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When a goal doesn’t make you happy

I never set a personal goal that I don’t think will be beneficial and/or bring about some joy/fulfillment in my life. Yet there have been occasions when an accomplished goal made me downright miserable.

A while ago I landed a new job and made it a goal to “have perfect attendance—no lateness or absences—for at least 100 days.” Years before when my children were very small, I’d managed perfect attendance for an entire year which is a major feat when you are parenting toddlers. It’s still a source of pride when I look back, so I thought I’d try to do it again. Everything went wonderfully for 99 days. No one got sick and no major calamities befell my family that required that I take off from work.

Then the 100th day dawned and I got up feeling under the weather. I thought of calling in sick, but with my goal in mind, I went in to work and was miserable the entire time. I couldn’t concentrate, further I couldn’t help but think back to my 30th day and 60th day on the job when I jubilantly looked forward to achieving this 100th day goal. Yet when it arrived I did not enjoy it at all even when I went home that evening and crossed it off my life list as accomplished.

There’s an old story that I’ve seen in a lot of self-help books about a farmer who had only one old tired horse to till his land. One day the farmer let the horse go and his neighbors thought this was silly of him, after all how would he till the land without the old horse? The farmer was not worried. A week later the horse returned with several other wild horses. The neighbors then congratulated the farmer on his good fortune. The farmer’s attitude didn’t change. He was not overly happy, just as he was not morbidly sad when he let the horse go. The farmer had a son who attempted to tame one of the wild horses, but was thrown off and broke his leg. When the neighbors expressed their sympathy, the farmer remained as stoic as ever. A few weeks later the army came through the village drafting every able bodied male into service. Because the farmer’s son had a broken leg, they didn’t compel him to sign up.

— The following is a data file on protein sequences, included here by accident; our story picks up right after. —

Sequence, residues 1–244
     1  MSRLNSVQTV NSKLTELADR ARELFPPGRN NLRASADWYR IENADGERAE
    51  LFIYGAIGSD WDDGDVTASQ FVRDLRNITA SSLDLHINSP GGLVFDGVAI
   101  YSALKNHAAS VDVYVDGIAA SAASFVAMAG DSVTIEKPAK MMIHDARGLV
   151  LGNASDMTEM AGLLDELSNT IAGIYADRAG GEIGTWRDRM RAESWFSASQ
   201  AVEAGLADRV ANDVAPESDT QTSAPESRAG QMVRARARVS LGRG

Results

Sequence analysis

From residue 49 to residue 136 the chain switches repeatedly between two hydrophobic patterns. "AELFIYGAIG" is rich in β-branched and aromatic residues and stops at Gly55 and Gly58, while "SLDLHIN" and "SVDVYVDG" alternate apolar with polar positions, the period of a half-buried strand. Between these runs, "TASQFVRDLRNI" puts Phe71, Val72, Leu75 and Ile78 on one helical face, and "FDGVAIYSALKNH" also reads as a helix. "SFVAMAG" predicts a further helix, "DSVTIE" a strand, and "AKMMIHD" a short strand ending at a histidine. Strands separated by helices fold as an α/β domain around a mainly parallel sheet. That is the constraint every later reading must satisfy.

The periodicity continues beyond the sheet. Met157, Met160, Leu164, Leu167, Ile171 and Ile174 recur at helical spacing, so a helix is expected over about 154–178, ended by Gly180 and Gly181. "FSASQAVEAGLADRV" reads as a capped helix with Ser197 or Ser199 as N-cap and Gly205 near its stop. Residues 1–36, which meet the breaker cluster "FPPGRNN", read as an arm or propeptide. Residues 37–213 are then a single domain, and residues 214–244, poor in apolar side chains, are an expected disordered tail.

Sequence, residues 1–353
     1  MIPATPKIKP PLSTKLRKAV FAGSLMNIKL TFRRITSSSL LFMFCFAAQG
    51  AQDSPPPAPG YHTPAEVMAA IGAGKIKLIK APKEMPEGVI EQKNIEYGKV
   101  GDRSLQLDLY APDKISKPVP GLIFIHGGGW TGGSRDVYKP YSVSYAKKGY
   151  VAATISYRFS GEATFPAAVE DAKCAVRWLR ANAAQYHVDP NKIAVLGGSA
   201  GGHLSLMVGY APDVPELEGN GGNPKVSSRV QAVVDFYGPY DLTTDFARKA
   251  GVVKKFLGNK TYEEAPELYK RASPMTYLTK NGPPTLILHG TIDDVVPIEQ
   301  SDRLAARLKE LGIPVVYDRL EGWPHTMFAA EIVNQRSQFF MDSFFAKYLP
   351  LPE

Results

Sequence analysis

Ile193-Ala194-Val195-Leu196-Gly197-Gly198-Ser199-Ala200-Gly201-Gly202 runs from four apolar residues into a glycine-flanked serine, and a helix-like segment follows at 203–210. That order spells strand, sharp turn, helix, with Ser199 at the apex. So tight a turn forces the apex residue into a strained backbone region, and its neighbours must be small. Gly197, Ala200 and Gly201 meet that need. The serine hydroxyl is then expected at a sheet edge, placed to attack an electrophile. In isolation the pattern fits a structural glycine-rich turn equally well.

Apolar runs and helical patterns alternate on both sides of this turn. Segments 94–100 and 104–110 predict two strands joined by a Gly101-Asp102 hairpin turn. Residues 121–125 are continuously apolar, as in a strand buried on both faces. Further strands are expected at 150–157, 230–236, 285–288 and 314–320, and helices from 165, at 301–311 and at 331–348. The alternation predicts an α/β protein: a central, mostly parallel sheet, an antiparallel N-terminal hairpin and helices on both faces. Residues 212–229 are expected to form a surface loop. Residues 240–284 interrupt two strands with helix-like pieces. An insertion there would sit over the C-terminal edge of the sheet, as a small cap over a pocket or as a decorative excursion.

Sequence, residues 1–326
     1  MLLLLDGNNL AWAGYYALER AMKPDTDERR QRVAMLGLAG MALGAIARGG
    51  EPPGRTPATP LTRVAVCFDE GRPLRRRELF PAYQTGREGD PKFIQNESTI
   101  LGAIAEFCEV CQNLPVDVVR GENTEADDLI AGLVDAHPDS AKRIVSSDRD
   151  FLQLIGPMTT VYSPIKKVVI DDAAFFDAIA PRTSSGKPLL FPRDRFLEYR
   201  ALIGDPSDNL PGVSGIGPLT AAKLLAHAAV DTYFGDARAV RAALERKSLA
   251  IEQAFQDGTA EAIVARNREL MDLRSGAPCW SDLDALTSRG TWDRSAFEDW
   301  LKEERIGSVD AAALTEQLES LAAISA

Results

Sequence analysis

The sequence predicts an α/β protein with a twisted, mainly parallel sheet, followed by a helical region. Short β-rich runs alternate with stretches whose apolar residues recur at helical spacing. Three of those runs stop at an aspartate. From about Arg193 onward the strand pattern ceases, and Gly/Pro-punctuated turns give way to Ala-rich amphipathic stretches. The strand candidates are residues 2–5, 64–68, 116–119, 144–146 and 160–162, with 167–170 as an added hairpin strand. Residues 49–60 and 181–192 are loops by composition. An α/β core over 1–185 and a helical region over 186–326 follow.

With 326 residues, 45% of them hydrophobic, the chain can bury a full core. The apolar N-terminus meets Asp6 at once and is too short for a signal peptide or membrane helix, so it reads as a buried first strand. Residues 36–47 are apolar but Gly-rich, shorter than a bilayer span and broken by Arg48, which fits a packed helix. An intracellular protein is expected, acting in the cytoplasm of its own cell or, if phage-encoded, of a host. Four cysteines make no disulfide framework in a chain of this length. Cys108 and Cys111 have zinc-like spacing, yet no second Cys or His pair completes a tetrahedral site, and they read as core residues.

This is an important lesson to learn in life coaching. We set goals that are meant to bring us closer to the life we believe will make us happy. But really you just never know, so it’s best to set them with a balance of hope and detachment. You might work for years to qualify for a promotion only to realize your new schedule encroaches on your time with friends and family. And how many people have said “If I could just hit the jackpot, I’d be happy.” Yet a study of lottery winners found that after the peak experience of winning, they were no happier than anyone else.

While I know that not every goal I complete will make me happy, I will continue to set them as goals are our path to self-actualization. Once I accomplished the 100-day work goal, I set another “to keep a log of all the problems I solve at work.” So instead of waiting for a far off goal, I can celebrate each and every day.

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